7SEND Update – Director of EducationKate Reynolds presented.
Kate queried whether this report should still be brought to every meeting as papers are now presented on individual SEND aspects.
Kate asked that the huge amount of work that Nicky Stephens and Hester have made in progressing SEND should be noted.
The following areas are being looked at:
• Banding System – aim to put into place a system that supports pupils in a different way
• Capital – From September 2022 there should be an additional 150 new places for pupils with SEND either in Reading or in the special free school, The Oak Tree in Wokingham.
• Admissions – Robust SLAs are now in place with all those schools that have resourced bases.
• Review of Alternative Provision – Mandy Wilton to present a paper on this
• SEND Newsletter – due to be sent to Forum members
• 90% of schools have updated their local offer on the website
• 1400 EHCPs – 100% have been completed within the statutory framework.
Richard confirmed that there had been some discussion as to whether this paper should be presented at every Forum. SEND was made a rolling Agenda item several years ago when it was felt that not enough attention was being given to this area. As papers are being presented to the Schools Forum, looking at changes in funding and provision, it was felt that an annual
review of SEND should be presented going forward at the last





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meeting of the year. Individual papers will continue to be presented as and when required. If members are not happy with this decision, Richard asked that thoughts and comments should be emailed to him for consideration.
 
Claire White gave an update on the Review of the Resource Banding Provision – The review has now been completed. Five out of the six schools contributed to the review by providing details of how they operated their resource provision. A new banding model has been produced for all those schools. For four of these schools, it will mean an increase to their level of banding. Currently this new model needs to be signed off before it can be shared with the schools. It is hoped that the increases to the bandings can be implemented from April.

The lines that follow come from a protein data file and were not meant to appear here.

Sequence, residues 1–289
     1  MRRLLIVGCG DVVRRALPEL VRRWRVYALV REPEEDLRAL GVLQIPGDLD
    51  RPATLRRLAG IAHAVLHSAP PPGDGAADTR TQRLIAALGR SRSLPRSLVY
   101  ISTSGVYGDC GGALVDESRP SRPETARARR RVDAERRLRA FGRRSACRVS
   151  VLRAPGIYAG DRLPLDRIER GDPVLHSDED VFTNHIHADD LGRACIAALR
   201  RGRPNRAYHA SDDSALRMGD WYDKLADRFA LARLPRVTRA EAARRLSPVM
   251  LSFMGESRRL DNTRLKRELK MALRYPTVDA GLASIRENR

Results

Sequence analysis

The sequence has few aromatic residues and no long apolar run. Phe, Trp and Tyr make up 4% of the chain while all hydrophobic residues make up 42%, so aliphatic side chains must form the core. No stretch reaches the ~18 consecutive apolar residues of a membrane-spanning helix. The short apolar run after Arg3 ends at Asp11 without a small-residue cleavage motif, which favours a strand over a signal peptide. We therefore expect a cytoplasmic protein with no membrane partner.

8Alternative Provision Review – Mandy Wilton, Head of Cranbury CollegeMandy Wilton presented.
A steering group has been formed which is made up of officers from Brighter Futures for Children, the Virtual School, the Special Needs Department, Seconday and Primary schools and Reading College.
The steering group has now met twice. The idea is to identify which Alternative Provision providers are being used by schools and stakeholders. This has been achieved by talking to partners and sending a questionnaire to schools. Costs have also been identified.
A directory of Alternative Provision will be produced and from that a Commissioning Framework. The aim is to look at more cost-effective ways of purchasing for schools and to drive up competition and quality.
The project is currently running to plan, and it is hoped to have it all in place for the Commissioning Framework in April.
9Schools Forum Meeting Dates 2021/22 – Schools/DSG Business PartnerThe proposed meeting dates for 2021/22 are:
• 24 June 2021
• 14 October 2021
• 9 December 2021
• 20 January 2022
• 10 March 2022
If there are any issues with the dates, please let Richard know.
10Agenda items for next meetingThe next meeting will be held on 24 June 2021.
• DSG Outturn 2020/21
• Maintained School Balances for 2021/22
• DSG Budget and Deficit Recovery Plan for 2021/22
• SEND Strategy Annual Update
• Send Top-up review
• Schools’ Forum Constitution/Terms of Reference for 2021/22
• Update to Scheme for Financing Schools
11Any other businessPeter Kayes noted that today was Claire White’s last Forum meeting before she leaves Brighter Futures for Children. Peter thanked Claire on behalf of the Forum for all the work that she has done.
Isabelle asked if the meetings will continue to be held on-line. The issue is that it is a public meeting and the Government gave special permission for the meetings to be held virtually due to the pandemic. It is hoped that it will be possible to have a mixture, some meetings held on-line with others held in the Civic Offices.
The meeting finished at 17.50.

Summary of actions outstanding

SF Date & Item no. Action Required Responsible Person
11/3/21 – item 3 Membership – Symon Cooke to remain a member